• Join over 1.2 million students every month
  • Accelerate your learning by 29%
  • Unlimited access from just £6.99 per month

Experiment to ascertain the products of the thermal decomposition of copper (II) oxide.

Extracts from this document...


Experiment to ascertain the products of the thermal decomposition of copper (II) oxide. Background information Copper carbonate (also known as cupric carbonate) is a compound with the molecular CuCO3 and has a molar mass of 123.5 g/mol. Its boiling point is 200oC, therefore it is a solid at room temperature. It is a blue-green compound often used in artist's paint and some types of make-up. Copper carbonate, CuCO3, thermally decomposes and two reactions could take place: 2CuCO3(s) � Cu2O(s) + 2CO2(g) + 1/2O2(g) CuCO3(s) � CuO(s) + CO2(g) I will be using the moles theorem to calculate, which reaction takes place in the lab. A mole of a solid substance is the mass, which contains the same number of particles as there are in 12g of carbon-12. This number is known as the Avogadro constant, L, which is � 6 x 1023 mol-1. It is important as we can use it to calculate how much of each substance is needed to produce a certain volume or mass of a substance, as I will be doing in this experiment. ...read more.


Variables My independent will be the volume of gas produced during the reaction, as this is what I will be measuring, however I have no dependent variable as there is nothing that I am changing. Calculations Equation 1: 2CuCO3 (s) � CuO (s) + 2CO2 (g) + 1/2O2 (g) * Start with a known volume of gas - 24cm3 of CO2 * Moles (for any gas at room temperature and pressure) = ==> moles of CO2 = = 0.001 moles * The ratio of moles of CO2:O2 is 2:1/2 or 1:1/4, therefore if there is 0.001 moles of CO2 there is 0.00025 moles of O2 * Volume in cm3= moles � 24000 = 0.00025 � 24000 = 6cm3 ==> Volume of gas produced = 6 + 24 = 30cm3 * As 2 moles of CO2 : 2 moles of CuCO3, 0.001 moles of CO2 : 0.001 moles of CuCO3 * Mass of CuCO3 required = moles � Relative Atomic Mass (RAM) ...read more.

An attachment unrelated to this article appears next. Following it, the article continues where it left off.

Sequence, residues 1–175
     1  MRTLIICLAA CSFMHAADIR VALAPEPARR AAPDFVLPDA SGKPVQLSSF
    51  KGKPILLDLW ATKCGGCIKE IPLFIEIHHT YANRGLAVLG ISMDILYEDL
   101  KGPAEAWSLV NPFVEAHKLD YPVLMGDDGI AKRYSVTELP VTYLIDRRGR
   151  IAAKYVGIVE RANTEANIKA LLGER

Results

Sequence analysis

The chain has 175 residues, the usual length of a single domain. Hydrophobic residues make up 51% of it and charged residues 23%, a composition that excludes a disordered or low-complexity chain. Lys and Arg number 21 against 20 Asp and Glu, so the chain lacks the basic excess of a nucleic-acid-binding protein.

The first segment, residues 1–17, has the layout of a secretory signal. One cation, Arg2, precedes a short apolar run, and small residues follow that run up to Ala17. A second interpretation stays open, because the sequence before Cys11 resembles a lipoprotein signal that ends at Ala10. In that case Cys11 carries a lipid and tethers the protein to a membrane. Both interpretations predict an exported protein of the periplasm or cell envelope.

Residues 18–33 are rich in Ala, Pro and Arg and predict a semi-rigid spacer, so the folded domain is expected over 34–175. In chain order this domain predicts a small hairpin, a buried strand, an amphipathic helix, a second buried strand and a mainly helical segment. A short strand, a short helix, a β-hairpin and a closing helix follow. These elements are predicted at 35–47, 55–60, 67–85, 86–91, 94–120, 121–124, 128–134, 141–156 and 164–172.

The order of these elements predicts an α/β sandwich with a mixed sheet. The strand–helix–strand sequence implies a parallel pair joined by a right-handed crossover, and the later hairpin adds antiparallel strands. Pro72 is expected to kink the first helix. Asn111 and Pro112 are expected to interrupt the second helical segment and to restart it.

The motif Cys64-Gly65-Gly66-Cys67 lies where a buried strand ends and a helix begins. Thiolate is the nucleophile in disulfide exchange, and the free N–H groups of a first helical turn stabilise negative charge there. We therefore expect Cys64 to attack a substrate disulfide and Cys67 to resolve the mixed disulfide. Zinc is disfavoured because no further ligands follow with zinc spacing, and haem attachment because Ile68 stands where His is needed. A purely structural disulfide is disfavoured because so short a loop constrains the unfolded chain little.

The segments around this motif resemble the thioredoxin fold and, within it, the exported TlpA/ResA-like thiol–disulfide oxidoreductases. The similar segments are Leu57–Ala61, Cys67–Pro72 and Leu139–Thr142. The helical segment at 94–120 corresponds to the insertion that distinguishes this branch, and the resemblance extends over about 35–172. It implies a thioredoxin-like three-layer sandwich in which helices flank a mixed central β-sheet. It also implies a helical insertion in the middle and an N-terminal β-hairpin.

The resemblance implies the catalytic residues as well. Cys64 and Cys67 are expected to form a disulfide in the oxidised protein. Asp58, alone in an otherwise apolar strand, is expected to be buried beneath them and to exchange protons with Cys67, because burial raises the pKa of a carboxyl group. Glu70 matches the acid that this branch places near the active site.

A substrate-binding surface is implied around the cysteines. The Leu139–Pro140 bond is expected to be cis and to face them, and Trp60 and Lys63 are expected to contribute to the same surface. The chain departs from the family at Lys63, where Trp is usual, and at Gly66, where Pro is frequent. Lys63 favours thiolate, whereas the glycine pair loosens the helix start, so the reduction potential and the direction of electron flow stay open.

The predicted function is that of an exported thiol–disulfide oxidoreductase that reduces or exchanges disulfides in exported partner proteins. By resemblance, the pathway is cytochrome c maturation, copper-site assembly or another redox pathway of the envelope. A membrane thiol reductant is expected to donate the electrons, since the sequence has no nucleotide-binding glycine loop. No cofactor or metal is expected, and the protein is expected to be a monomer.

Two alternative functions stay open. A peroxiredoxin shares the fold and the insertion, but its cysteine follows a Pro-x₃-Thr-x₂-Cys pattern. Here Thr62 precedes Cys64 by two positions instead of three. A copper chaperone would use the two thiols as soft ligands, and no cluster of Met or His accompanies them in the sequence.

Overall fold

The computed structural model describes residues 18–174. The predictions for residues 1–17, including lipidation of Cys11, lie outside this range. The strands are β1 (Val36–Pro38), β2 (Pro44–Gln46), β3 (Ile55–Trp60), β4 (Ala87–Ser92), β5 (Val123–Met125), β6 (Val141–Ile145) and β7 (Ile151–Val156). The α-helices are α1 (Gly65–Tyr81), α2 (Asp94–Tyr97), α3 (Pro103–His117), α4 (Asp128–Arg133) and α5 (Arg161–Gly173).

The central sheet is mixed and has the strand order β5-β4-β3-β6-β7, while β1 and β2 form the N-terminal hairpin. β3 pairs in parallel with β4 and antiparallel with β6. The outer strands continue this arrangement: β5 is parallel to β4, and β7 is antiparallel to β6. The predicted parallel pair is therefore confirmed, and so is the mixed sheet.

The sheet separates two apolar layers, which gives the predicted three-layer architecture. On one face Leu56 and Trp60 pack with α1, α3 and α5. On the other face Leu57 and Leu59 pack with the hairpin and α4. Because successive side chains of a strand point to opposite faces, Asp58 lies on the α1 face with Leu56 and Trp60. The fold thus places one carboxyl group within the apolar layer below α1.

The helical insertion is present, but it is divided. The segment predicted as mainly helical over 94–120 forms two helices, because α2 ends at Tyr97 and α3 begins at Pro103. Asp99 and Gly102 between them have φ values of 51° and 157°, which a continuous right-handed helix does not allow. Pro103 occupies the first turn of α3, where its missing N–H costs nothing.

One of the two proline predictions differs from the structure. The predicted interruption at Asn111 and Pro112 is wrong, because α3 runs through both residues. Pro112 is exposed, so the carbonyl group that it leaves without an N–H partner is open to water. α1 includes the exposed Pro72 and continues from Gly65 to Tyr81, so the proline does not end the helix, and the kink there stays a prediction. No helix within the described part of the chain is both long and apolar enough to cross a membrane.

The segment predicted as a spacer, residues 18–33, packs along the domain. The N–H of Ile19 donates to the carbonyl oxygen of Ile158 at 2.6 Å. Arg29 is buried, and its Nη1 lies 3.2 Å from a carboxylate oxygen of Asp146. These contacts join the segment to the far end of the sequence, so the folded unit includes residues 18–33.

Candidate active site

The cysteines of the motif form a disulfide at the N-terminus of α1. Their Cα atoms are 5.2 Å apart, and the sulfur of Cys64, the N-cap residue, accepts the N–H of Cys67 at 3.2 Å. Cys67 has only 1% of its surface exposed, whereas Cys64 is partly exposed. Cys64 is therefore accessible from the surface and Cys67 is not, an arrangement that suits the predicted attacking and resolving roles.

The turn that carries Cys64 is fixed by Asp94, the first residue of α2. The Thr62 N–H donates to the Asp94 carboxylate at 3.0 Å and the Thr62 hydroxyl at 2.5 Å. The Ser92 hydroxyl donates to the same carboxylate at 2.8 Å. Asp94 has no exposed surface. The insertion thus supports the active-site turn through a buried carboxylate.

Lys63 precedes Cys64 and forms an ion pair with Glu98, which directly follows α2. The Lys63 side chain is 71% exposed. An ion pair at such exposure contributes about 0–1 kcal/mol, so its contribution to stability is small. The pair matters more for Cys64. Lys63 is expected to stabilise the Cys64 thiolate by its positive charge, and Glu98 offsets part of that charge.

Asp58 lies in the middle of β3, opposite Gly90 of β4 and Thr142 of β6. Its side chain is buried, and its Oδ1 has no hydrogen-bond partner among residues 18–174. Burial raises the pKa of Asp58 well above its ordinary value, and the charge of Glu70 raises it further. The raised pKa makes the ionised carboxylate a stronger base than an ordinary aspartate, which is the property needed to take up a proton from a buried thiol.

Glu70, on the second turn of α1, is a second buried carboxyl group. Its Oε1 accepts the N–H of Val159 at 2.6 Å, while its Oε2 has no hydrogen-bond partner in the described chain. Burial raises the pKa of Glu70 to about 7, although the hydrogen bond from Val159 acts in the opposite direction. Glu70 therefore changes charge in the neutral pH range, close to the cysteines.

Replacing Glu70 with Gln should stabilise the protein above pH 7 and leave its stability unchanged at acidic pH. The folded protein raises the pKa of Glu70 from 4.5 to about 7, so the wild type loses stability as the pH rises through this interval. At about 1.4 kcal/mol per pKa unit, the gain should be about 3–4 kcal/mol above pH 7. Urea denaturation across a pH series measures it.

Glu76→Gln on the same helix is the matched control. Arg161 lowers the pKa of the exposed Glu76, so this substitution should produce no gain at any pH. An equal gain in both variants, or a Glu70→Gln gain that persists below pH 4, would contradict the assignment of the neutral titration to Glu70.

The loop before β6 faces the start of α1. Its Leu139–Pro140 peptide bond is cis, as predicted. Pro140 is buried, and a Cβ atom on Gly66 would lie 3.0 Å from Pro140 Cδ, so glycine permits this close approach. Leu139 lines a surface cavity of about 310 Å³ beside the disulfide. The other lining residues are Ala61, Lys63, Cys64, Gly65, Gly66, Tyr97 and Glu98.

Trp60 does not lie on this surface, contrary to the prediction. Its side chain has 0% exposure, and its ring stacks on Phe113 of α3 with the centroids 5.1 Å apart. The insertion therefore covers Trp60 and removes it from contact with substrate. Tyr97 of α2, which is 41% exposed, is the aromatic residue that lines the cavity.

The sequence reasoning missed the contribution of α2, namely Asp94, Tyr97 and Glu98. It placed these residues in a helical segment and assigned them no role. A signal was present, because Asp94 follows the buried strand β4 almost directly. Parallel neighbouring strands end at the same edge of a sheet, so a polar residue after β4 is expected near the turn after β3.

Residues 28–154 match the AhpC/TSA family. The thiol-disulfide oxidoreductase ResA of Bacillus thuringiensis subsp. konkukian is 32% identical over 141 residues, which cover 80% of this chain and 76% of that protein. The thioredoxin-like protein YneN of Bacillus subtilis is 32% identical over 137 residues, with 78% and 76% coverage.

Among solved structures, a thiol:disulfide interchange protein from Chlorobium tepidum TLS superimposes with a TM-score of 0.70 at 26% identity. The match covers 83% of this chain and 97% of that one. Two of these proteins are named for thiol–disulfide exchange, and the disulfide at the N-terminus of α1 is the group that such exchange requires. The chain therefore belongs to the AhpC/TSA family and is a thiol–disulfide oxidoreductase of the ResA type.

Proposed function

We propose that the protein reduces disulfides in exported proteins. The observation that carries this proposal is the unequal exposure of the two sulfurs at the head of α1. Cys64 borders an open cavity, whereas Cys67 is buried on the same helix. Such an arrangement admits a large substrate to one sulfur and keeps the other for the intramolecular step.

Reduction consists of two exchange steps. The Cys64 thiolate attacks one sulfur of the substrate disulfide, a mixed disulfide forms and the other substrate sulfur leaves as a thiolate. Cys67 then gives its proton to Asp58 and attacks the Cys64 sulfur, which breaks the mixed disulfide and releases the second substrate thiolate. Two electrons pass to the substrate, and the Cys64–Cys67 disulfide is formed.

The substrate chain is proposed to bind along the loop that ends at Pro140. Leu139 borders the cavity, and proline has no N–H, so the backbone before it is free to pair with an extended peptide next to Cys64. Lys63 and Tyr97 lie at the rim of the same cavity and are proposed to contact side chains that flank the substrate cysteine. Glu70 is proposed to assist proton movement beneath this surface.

It will then be placed inside the boiling tube and the apparatus setup as above. The Bunsen burner will then be lit and switched off once all the copper carbonate has thermally decomposed. I will know the reaction has finished when the gas syringe stops moving out. The gas trapped inside the gas syringe will then be allowed to cool to room temperature (so that the amount of gas can be accurately measured) and the volume measured. This will then be repeated until two results have been collected that are within 0.2 cm3 of each other. I will be careful when handling the copper carbonate as it is harmful if swallowed or inhaled, and I will also need to take precautions, because I am using a Bunsen burner. As a result, I will need to tie my hair back, wear safety glasses and wear a lab coat at all times. Also, I will use a heat proof mat and gauze (so that the equipment doesn't become damaged), and be careful when the Bunsen burner is on, which includes leaving the flame on orange when I am not using it. Furthermore, I will clean my workspace thoroughly afterwards. ...read more.

The above preview is unformatted text

This student written piece of work is one of many that can be found in our AS and A Level Organic Chemistry section.